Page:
Blind Perthshire Teen is inspired to raise money for the NHS

Former Strathallan School pupil Will Kent (18) has titled his fundraiser ‘The Blind Celt Against COVID’, and has so far raised around £1500.

A blind Perthshire school-leaver has used his love of Celtic culture to raise money for the NHS.

Former Strathallan School pupil Will Kent (18) has titled his fundraiser ‘The Blind Celt Against COVID’, and has so far raised around £1500.

Will, who lost his sight at the age of nine because of Stargardt’s disease, invited people to support him earlier this month as he prepared to walk unaided up Castle Law, the 280 metre hill close to his home at Strathallan where there is a hillfort.

Perth and Kinross pupils could be taught in churches and community halls

Will explained that, while wearing the clothes in keeping with the Celtic times the site dates from, his mission would be to walk the seven mile route to the fort daily and recite his poetry inspired by the Celts.

He would blow his signalling horn and place a painted rock he had carried with him at the cairn at Castle Law’s summit.

William Kent

With early history his personal hobby, he discovered that in ancient times the blind were considered gifted at poetry and music, which is why Will felt he was the right person for the mission having previously won competition prizes for his writing.

“I am passionate about the Celts and ancient history and I am a poet,” he said. “Even though I am blind, I can do my bit.

Popular Highland Perthshire event is cancelled due to concerns over COVID-19

“I have benefited from the NHS throughout my life. I want to give back to it.”

NHS staff spent much time diagnosing his eye condition, fixing his teeth following an incident and performing numerous operations when Will was younger.

In summers past, Will has been a volunteer at the Scottish Crannog Centre on Loch Tay where volunteer guides wear woollen and woven clothing in keeping with the Iron Age theme of the visitor attraction.

Before beginning his challenge last week, the teenager described his unusual idea to attract sponsorship: “The route up Castle Law is seven miles long and the hill 280m high, and I will do this walk every day for a week as my lockdown exercise.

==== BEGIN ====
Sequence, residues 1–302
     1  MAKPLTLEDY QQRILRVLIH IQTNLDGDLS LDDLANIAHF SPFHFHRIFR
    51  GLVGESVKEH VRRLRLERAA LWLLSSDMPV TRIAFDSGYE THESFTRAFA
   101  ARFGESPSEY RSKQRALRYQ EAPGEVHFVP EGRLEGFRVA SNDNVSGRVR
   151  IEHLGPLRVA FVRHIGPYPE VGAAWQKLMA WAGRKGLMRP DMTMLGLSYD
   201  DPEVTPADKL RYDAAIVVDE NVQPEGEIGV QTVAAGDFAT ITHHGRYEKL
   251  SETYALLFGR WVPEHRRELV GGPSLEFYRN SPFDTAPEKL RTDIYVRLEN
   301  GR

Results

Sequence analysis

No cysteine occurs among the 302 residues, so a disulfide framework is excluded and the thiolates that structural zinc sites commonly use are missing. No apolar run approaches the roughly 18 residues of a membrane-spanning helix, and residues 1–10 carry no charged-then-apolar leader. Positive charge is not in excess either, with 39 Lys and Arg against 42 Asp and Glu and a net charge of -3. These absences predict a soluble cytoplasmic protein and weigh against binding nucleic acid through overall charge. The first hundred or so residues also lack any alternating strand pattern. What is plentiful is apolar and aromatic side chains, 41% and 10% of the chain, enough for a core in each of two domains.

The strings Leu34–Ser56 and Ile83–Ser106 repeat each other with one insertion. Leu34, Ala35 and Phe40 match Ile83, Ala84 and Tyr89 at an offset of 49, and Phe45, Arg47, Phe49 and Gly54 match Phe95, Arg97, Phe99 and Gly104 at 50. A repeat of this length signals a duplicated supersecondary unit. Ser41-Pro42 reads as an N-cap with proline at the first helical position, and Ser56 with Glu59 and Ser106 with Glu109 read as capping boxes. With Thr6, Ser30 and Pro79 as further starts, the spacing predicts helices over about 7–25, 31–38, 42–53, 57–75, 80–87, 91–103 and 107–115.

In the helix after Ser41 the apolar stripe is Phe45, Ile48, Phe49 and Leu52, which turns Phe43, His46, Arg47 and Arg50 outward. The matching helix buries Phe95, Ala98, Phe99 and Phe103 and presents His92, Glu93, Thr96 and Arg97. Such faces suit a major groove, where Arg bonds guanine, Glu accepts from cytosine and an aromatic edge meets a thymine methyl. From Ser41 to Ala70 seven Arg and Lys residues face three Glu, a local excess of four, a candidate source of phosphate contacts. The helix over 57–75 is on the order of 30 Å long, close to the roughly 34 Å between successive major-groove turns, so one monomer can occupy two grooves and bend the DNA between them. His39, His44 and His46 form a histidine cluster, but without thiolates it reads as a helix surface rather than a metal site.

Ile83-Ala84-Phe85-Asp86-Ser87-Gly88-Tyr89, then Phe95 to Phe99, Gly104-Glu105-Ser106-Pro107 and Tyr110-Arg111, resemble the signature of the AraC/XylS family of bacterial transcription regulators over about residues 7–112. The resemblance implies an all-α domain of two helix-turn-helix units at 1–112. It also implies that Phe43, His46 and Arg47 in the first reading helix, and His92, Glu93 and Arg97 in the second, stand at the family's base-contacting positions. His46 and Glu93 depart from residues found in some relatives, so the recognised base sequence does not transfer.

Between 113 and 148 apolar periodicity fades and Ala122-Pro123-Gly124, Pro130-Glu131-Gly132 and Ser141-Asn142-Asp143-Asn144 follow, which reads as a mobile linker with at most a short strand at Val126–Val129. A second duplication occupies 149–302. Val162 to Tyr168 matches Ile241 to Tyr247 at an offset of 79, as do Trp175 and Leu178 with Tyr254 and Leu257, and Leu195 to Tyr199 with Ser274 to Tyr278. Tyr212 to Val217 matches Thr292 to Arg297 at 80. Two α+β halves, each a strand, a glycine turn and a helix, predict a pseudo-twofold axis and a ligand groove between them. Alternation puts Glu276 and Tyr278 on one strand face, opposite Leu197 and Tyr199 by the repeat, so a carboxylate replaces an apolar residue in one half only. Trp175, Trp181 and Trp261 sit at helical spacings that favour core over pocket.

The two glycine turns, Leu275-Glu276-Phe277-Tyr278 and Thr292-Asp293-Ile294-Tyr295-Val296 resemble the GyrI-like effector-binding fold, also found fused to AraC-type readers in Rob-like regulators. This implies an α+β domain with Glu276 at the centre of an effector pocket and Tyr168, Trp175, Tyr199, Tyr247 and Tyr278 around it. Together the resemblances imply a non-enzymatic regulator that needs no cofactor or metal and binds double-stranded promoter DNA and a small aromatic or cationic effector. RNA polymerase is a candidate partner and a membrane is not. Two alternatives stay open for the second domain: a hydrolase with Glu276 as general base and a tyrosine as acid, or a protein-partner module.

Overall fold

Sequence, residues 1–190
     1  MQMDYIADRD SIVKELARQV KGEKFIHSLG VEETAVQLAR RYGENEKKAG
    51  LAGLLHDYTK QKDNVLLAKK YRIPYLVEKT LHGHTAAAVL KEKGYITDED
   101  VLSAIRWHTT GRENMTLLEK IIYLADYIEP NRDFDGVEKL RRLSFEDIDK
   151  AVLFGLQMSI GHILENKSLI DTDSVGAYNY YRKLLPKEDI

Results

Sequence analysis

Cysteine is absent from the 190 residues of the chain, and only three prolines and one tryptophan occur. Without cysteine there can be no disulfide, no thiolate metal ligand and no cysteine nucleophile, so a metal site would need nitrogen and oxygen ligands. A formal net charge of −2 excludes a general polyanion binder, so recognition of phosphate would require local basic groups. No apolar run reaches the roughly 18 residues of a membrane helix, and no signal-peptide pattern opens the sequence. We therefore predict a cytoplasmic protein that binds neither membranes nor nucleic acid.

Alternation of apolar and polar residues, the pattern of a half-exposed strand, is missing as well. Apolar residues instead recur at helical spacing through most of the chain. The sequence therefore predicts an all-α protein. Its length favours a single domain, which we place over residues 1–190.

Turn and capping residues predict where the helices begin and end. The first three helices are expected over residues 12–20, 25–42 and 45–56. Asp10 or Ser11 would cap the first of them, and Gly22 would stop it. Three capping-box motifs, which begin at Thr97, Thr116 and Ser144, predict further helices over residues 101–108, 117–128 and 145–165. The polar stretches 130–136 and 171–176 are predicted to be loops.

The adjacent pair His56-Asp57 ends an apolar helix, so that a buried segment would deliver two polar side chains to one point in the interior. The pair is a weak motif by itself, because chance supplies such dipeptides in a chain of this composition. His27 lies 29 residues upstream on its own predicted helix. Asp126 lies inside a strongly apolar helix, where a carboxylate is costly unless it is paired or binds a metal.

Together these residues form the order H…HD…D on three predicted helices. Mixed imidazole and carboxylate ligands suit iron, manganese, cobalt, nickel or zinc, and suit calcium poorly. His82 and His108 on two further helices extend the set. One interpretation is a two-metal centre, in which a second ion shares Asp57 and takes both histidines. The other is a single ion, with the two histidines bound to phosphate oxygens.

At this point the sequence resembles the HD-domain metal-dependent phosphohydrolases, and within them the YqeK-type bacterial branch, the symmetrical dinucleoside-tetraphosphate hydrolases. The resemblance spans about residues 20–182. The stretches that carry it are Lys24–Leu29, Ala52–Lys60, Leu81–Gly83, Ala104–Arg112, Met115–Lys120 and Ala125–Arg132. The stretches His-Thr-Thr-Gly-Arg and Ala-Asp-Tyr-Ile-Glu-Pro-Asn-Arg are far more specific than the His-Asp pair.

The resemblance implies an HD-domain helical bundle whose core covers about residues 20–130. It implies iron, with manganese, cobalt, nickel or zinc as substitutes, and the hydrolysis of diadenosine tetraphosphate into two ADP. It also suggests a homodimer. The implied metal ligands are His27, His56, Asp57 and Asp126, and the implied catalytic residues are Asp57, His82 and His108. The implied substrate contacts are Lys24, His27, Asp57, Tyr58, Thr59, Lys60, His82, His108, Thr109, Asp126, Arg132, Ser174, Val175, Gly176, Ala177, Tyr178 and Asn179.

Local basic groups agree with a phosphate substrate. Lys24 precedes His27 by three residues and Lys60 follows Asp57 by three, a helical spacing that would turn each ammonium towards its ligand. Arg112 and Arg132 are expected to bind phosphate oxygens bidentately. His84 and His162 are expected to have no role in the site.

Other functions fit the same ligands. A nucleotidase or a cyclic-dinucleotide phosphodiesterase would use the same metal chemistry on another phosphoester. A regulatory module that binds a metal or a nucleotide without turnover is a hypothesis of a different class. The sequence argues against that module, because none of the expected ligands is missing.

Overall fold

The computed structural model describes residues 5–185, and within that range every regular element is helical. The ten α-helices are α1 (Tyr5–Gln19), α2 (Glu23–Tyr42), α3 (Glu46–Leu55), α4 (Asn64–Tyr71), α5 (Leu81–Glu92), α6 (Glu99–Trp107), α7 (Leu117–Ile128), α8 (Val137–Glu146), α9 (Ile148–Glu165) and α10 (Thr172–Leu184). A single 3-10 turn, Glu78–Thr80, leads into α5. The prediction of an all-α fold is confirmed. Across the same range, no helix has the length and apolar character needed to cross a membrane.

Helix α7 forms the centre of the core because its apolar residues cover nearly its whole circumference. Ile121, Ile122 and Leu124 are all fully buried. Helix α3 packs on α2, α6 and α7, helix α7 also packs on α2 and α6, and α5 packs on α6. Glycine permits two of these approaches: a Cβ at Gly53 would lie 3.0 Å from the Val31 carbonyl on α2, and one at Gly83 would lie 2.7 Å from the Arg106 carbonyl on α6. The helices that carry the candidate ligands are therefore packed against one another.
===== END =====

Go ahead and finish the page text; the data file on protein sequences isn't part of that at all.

William Kent

With early history his personal hobby, he discovered that in ancient times the blind were considered gifted at poetry and music, which is why Will felt he was the right person for the mission having previously won competition prizes for his writing.

“I am passionate about the Celts and ancient history and I am a poet,” he said. “Even though I am blind, I can do my bit.

Popular Highland Perthshire event is cancelled due to concerns over COVID-19

“I have benefited from the NHS throughout my life. I want to give back to it.”

NHS staff spent much time diagnosing his eye condition, fixing his teeth following an incident and performing numerous operations when Will was younger.

In summers past, Will has been a volunteer at the Scottish Crannog Centre on Loch Tay where volunteer guides wear woollen and woven clothing in keeping with the Iron Age theme of the visitor attraction.

Before beginning his challenge last week, the teenager described his unusual idea to attract sponsorship: “The route up Castle Law is seven miles long and the hill 280m high, and I will do this walk every day for a week as my lockdown exercise.